Examining the Egyptian Economy
The Egyptian economy has faced many challenges in recent years, including a two-time devaluation of the Egyptian pound, soaring inflation and a foreign-exchange crunch, which has resulted in restrictions on credit usage in foreign currencies.
What does the economic landscape look like in Egypt right now, and what can we expect moving forward? We spoke with Ahmed Abou-Zaid, professor of economics at AUC, to learn more.
The Central Bank of Egypt has recently banned the use of debit cards abroad and restricted credit usage for transactions in foreign currencies. Why has it taken such steps?
Central banks across the world adopt various targets and objectives, ranging from price stability and high employment to fostering economic growth. In the case of the Central Bank of Egypt, its current primary focus is maintaining stability in the foreign exchange market. Recent decisions made by the CBE, such as banning the use of debit cards for foreign currencies, serve as a reflection of the foreign currency shortages Egypt is currently suffering from. The Central Bank aims to stabilize the market by retaining a significant portion of foreign currency within the country's borders. Recently, there have been reports of individuals being sent to foreign countries with numerous debit cards to withdraw dollars from their Egyptian pounds’ accounts. This practice has resulted in a substantial decline in Egypt's foreign reserves, worsening the existing problems.
What does this signify?
Egypt's focus on foreign exchange market stability, while confronting foreign currency shortages and inventive practices to access foreign currency, underscores the importance of prudent Central Bank policies to safeguard the country's economic well-being. These measures are pivotal in addressing the challenges posed by capital flight and depletion of foreign reserves.
Do you expect another devaluation? If so, approximately when?
Given the current state of Egypt's foreign reserves, it's evident that the price of the U.S. dollar in the black market has surpassed EGP 42, which represents a considerable premium of approximately 10 pounds over the official exchange rate. Given these conditions and in the context of Egypt's agreement with the International Monetary Fund, there is a strong likelihood of another devaluation occurring by January 2024. This impending devaluation should be seen in the broader context of Egypt's economic challenges and its commitment to agreements with international financial institutions like the IMF.
How do you foresee people's cost of living and general expenses being affected amidst the current economic conditions?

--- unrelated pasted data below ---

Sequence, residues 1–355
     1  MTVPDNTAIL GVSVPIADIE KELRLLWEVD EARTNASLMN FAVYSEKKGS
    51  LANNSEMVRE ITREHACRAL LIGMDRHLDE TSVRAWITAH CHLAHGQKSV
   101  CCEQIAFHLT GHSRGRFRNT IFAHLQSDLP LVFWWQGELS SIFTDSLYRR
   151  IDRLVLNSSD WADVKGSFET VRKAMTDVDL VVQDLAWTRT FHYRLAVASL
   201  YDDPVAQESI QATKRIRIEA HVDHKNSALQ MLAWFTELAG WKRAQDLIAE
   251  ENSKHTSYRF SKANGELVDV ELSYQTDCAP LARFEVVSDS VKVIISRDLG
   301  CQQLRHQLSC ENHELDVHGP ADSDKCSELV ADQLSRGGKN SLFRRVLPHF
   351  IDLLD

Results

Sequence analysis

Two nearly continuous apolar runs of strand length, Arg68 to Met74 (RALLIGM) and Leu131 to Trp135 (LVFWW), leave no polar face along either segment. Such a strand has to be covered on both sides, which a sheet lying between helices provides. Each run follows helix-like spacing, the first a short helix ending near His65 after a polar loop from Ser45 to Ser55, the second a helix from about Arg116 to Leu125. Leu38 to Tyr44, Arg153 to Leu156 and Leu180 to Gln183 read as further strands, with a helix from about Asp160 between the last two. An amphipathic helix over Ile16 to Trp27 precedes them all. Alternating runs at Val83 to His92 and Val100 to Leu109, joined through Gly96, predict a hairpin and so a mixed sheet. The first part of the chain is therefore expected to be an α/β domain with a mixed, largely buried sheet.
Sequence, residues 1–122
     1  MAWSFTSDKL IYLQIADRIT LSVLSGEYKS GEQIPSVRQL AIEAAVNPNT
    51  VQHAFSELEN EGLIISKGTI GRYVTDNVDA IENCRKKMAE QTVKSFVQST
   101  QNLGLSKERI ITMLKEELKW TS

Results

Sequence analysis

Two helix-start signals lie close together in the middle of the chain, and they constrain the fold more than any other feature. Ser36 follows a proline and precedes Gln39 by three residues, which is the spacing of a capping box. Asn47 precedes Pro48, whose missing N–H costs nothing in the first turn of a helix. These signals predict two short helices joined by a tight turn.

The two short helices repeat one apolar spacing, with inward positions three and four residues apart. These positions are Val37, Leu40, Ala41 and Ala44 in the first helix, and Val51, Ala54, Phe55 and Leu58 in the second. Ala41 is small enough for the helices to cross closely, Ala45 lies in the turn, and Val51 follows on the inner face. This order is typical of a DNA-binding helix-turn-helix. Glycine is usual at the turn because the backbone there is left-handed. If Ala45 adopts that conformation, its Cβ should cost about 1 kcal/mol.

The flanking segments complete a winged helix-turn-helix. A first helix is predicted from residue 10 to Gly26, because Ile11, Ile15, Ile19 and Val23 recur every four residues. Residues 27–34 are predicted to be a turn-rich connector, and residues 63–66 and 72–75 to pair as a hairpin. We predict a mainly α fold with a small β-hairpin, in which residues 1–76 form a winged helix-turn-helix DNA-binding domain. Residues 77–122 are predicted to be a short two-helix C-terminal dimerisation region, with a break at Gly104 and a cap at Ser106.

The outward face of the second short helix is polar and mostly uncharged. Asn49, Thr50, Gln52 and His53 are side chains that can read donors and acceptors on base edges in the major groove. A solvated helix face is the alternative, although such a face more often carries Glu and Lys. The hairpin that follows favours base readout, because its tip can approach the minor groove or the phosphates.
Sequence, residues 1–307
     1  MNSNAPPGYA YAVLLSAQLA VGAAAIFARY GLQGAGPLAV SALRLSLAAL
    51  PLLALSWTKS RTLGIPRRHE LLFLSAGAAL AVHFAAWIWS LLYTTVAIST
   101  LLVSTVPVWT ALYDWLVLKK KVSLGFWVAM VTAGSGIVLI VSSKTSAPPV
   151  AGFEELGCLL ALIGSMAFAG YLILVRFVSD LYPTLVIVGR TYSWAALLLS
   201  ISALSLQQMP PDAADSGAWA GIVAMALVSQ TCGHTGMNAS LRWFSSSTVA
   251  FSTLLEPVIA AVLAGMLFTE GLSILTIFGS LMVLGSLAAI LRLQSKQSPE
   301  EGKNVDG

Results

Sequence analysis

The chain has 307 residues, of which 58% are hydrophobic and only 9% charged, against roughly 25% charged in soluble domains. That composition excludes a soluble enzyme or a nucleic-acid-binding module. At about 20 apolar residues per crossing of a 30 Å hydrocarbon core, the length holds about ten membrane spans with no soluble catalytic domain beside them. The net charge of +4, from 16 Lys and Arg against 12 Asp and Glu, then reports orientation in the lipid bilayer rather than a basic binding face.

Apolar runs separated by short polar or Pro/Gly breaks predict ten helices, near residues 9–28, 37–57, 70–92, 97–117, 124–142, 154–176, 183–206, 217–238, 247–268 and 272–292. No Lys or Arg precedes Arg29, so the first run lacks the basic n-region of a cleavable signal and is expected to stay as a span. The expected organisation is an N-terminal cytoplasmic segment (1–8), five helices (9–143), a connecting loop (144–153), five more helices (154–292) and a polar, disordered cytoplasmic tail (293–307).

Two recent currency devaluations, sluggish wage growth, limited economic subsidies and a rapid population growth, have contributed significantly to a notable decline in the living standards of the Egyptian population. The elevated value of the U.S. dollar has played a major role in raising the cost of imported goods, the majority of which encompass essential products, such as food and medicine, as well as crucial inputs for manufacturing and agriculture.
Should we expect inflation to rise?
Official data published by the Central Bank underscores a consistent upward trend in inflation over the past two years, averaging at around 40%. With another devaluation on the horizon, it's a straightforward projection that prices will continue to surge, given that foreign components or inputs are integral to nearly every product in Egypt.
What do you foresee for the Egyptian economy through the end of this year? Into next year? In the long term?
Forecasting the trajectory of Egypt's economy is an easy task as it depends on multiple factors. In the short term, the foremost concerns include persistent inflation and depreciation of the Egyptian pound, posing significant challenges that will lead to higher prices and lower standards of living.
Looking ahead to the mid and long term, Egypt's economic prospects can be enhanced through the implementation of a range of policies, such as attracting foreign investments, managing population growth, advancing infrastructure projects and adopting sustainable practices. By strategically employing these measures, Egypt can chart a path toward economic improvement and sustainability in the coming years.
What advice would you give to people living in Egypt to cope with these challenging conditions?
A very difficult question, but what I can think of is “work hard and budget wisely”.